Today this former Nazi concentration camp stands as a poignant memorial to the victims of fascism, and a warning from history.
Surrounded by the picturesque forests of Alsace sprawls a sinister leftover of the Nazi occupation of France, the Natzweiler-Struthof concentration camp. Prior to the arrival of Nazi occupying forces, this area was commonly used by local Alsatian people as a popular spot for picnics during summer and in winter such activities as skiing and sledging, however, the German invasion of France put an end to all that.
The geology of the area had been identified as being of great strategic interest to the Nazis even before their invasion of France, due to the pink granite that could be mined there. (This type of granite was a favored building material of the edifices and monuments of the Nazi period).
The remoteness of this site had also been recognized as an “ideal location” for a concentration camp. In 1941, after the invasion and occupation of France, Natzweiler-Struthof was constructed on the personal orders of Heinrich Himmler, the head of the SS.
Natzweiler-Struthof was a camp used primarily for the internment of political opponents of the Nazi regime in the German-occupied territories of Western Europe such as captured French, Dutch, Belgian and Scandinavian resistance fighters. It was also to be the final destination of British spies and agents of the S.O.E. who had been captured and interrogated.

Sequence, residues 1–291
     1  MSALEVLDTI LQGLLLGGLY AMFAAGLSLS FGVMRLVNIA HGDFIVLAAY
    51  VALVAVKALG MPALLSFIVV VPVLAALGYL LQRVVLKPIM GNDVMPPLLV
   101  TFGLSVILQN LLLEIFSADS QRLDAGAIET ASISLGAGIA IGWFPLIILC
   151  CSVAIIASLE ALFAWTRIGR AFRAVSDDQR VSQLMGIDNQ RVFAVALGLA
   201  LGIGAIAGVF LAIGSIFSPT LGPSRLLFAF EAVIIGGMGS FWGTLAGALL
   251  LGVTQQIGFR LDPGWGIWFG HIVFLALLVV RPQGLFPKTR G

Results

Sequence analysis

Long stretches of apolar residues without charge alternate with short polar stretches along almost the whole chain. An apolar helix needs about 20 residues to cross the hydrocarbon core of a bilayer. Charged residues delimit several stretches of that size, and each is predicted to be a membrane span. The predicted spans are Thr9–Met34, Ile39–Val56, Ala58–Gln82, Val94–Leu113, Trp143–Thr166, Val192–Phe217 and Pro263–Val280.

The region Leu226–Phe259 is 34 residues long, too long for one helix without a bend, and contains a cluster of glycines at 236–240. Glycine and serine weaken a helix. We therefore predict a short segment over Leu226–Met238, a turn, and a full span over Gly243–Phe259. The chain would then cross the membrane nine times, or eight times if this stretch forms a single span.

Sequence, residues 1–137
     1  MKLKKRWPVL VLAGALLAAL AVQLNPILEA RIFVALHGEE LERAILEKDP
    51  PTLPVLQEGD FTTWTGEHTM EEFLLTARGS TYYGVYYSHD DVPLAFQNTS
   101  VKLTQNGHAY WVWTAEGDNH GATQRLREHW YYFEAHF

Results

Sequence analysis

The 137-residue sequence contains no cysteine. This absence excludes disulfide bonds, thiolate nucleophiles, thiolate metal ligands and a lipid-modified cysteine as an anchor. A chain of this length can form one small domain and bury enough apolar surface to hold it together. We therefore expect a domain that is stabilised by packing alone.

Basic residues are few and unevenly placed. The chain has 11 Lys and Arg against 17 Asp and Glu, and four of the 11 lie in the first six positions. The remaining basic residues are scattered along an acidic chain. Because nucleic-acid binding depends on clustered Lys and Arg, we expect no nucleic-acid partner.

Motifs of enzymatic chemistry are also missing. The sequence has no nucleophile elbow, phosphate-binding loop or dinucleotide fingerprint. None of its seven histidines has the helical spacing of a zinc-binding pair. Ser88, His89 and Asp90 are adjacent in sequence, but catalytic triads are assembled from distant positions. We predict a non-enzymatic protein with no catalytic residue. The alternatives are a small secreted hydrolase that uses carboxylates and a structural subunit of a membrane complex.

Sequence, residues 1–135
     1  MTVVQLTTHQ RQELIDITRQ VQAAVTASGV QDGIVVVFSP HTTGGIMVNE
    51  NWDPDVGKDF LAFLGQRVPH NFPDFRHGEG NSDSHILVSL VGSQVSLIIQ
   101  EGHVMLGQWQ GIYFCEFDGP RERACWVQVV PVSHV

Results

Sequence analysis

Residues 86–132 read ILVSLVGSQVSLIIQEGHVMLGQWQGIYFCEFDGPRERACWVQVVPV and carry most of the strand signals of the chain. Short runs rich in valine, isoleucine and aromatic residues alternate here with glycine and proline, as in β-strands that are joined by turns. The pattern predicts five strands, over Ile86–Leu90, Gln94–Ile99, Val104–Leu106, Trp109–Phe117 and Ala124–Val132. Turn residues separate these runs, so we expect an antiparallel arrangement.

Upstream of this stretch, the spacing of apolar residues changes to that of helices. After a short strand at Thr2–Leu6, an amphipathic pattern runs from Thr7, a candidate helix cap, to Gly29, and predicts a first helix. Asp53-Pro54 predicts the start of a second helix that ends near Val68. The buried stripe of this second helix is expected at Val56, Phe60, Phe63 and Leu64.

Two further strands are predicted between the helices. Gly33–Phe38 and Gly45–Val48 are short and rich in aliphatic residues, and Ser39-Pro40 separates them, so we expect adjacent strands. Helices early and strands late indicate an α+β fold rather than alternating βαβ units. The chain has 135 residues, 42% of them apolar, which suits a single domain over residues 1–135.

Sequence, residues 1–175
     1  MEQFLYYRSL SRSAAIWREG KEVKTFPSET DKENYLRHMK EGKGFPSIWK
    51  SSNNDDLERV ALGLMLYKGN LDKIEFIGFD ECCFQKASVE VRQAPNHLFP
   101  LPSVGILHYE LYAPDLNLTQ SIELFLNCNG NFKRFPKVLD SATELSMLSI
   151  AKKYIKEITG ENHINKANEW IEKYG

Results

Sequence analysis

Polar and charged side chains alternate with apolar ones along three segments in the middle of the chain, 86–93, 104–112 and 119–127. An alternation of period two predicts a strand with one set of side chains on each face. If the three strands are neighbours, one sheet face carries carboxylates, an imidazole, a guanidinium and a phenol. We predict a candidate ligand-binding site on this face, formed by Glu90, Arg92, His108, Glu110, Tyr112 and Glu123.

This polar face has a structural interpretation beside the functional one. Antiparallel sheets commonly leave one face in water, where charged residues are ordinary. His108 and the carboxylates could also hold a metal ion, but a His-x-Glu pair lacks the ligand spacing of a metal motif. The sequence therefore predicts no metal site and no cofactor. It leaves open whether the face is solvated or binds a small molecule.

Such prisoners were classified by the Nazis as being “Nacht und Nebel” (“Night and Fog”), because upon arrest by the Gestapo or SS they would be sent directly to a concentration camp (thus “vanishing into night and fog”) without their families having ever being informed of their whereabouts. These measures were intended by the Nazis to prevent resistance figures from being made into “martyrs” and to discourage popular support for resistance, which they greatly feared.
Prisoners sent to Natzweiler-Struthof camp would either be immediately executed or worked to death slowly through starvation over an extended period in which they were forced to produce war munitions or to labor in the mining of granite, which would then be sent by rail back to Germany.
As the Nazis began to face defeat and the Allied forces pushed eastward into the Alsace region, the camps were largely abandoned. Prisoners were evacuated and sent on a death march into Germany to the larger camps of Auchswitz and Dachau.
From 1941 to 1944. approximately 52,000 prisoners ended up in Natzweiler-Struthof camp. Some 22,000 met their deaths here, including the famous French resistance leaders Andree Borrell and Charles Delestraint and S.O.E agents such as Vera Leigh, Diana Rowden, and Sonia Olschanezky.
A famous survivor of the camp was the Slovenian writer Boris Pahor who wrote poignantly of his experiences as a prisoner at Natzweiler-Struthof in his moving autobiographical novel Necropolis, published in 1967.
Know Before You Go
The site is open to visitors from 9 am to 7 pm daily and entrance is free of charge.
Though visits are self-guided there are information panels for the visitor that explain the history of the Natzweiler-Struthof concentration camp in French, English and German.
It is extremely important that visitors show respectful and appropriate behaviour as befits a visit to such a site and that honours the memory of the victims of the camps.
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